Ron Caines / Martin Archer / AXIS
Les Oiseaux de Matisse

To remember East of Eden as merely a one-hit wonder for the largely unrepresentative “Jig-a-Jig” would be a great disservice as Mercator Projected (Deram 1969) remains one of the greatest (in the true sense of the word) progressive albums crafted on these shores. And yet, post-split, there has been surprisingly precious little EoE-related activity, save for Grafitto, 2005’s comeback album. But then, Eden’s reedsman/mastermind Ron Caines resurfaced in 2009 with the Atlantide c.d. on the Brighton-based Foolproof Projects imprint, fronting a trio with double-bassist Marcus O’Dair and drummer Andy Pyne (also of Medicine & Duty a.o.). This, Ron’s second return, sees an alliance with Discus Records boss and multi-instrumentalist Martin Archer and suggests a union made in post-modern/digital jazz heaven, Martin being heavily influenced by the pioneering spirit found in the grooves of Mercator… and Snafu during his formative teenage years.

The diversity in those two albums is mirrored in Oiseaux‘s improvs, scored works and post-production collage, which are interpreted by what could almost be thought of as the Discus house band. The versatility of Cole, Garside, Hunter, Perez and Clarke becomes immediately apparent with “Labyrinth”. Sidestepping any lurking minotaur connotations, its bittersweet themes allude instead to British ‘b’ film atmospherics. With shoulders hunched, wearing a crumpled grey raincoat, collar up, Ian Hendry (a good a choice of actor as any…lest we forget…) trudges through the rain-soaked streets of Soho, winter of ’63. A flickering mood-piece that puts you right there. Low key magic. The following title track sees a rapid temperature rise to more summery realms with swirling multisax lines caught in a duet with sampled birdsong. “Nymphzurück”, a reupholstered version of EoE’s “Nymphenburger”, finds Graham Clark’s violin nonchalantly circling the stratosphere. Down below, the musicians, now reduced to six tiny dots on the landscape, evince “Elastic Rock”-era Nucleus (with Chris Spedding sitting this one out). A Caines/Keith Tippett collaboration “Various & Diverse” is of an ’83 vintage and is a more full-blooded concoction than the version found on “Atlantide”. And as we’re still on the subject of full-bloodedness, witness the ecstatic blast-off at the close of “Heavy Loaded Trane”, a tip of the beret to J.C. really couldn’t finish in any other way.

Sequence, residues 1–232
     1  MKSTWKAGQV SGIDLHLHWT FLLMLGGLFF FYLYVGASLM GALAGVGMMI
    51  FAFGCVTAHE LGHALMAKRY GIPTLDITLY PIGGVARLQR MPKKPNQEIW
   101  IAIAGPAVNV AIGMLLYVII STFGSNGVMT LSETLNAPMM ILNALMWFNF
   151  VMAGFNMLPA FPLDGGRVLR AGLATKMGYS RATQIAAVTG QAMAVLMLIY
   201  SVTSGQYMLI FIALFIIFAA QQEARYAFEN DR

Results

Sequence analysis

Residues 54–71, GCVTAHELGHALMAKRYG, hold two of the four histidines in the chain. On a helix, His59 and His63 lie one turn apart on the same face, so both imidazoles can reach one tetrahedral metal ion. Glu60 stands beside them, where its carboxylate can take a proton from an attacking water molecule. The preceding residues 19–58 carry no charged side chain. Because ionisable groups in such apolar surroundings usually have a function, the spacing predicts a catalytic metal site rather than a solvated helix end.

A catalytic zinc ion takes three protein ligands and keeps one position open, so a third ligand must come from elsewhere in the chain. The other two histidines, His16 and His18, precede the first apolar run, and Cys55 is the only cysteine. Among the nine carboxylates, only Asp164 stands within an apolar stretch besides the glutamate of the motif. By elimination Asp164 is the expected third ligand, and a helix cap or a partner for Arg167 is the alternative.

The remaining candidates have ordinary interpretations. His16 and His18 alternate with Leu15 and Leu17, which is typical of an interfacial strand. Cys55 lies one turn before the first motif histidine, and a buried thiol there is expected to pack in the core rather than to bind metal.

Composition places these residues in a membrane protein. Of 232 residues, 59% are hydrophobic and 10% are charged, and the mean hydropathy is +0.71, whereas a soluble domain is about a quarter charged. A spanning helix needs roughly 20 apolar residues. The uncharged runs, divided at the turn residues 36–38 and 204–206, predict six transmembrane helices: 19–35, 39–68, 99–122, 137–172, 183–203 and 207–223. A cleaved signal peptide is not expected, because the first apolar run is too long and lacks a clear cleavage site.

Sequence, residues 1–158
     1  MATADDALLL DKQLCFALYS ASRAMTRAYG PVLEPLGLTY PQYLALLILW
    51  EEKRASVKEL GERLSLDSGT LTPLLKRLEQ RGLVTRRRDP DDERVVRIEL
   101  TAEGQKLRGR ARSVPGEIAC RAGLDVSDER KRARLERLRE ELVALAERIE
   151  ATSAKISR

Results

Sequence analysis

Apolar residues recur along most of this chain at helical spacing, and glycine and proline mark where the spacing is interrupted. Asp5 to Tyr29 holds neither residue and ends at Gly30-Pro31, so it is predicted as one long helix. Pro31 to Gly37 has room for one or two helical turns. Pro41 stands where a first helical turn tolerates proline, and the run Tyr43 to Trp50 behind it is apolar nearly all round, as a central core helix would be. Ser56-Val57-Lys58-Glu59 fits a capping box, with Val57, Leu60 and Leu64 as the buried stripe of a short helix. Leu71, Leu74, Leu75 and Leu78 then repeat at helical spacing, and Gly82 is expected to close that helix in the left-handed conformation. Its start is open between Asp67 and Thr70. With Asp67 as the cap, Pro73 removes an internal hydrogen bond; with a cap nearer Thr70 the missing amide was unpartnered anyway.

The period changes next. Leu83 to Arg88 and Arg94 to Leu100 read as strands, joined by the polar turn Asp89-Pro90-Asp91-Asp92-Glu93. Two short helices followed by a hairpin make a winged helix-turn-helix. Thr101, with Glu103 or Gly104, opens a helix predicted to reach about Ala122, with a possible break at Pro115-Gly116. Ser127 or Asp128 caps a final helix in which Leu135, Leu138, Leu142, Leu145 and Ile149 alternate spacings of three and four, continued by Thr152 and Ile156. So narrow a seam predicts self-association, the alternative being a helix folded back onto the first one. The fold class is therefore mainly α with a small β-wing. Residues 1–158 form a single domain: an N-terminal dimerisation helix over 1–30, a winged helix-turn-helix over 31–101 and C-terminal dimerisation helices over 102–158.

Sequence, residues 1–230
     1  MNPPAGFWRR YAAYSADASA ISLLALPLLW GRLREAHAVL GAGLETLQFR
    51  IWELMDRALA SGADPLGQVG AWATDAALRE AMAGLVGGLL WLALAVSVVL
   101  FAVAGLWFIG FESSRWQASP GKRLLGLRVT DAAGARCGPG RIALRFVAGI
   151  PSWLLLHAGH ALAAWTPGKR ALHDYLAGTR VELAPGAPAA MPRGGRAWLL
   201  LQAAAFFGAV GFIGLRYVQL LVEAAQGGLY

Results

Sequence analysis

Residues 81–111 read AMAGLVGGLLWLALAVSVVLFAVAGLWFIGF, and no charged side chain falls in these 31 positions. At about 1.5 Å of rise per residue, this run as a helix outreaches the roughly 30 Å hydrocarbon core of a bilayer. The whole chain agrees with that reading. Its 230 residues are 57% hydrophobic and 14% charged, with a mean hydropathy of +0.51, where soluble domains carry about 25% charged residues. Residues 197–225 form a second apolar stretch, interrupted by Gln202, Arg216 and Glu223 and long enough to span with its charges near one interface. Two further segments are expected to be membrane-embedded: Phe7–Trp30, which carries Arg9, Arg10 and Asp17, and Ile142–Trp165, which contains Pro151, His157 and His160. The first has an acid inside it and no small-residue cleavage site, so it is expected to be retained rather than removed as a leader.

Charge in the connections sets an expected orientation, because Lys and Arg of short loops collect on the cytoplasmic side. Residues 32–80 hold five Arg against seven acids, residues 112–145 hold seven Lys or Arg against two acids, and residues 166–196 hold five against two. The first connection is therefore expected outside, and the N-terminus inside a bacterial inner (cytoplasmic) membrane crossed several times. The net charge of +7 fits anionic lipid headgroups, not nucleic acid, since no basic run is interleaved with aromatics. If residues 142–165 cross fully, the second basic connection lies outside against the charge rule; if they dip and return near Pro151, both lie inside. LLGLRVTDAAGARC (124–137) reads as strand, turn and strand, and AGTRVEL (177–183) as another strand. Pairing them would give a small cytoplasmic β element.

So, for a multiplicity of moods and tonalities, where an elder statesman’s expertise/finesse meets an adept of avant sound construction…simply ask the Axis! There’s also a nice touch from the cut’n’paste department; where the artwork on the actual disc has the Discus typeface reconfigured to resemble the Deram label of yesteryear.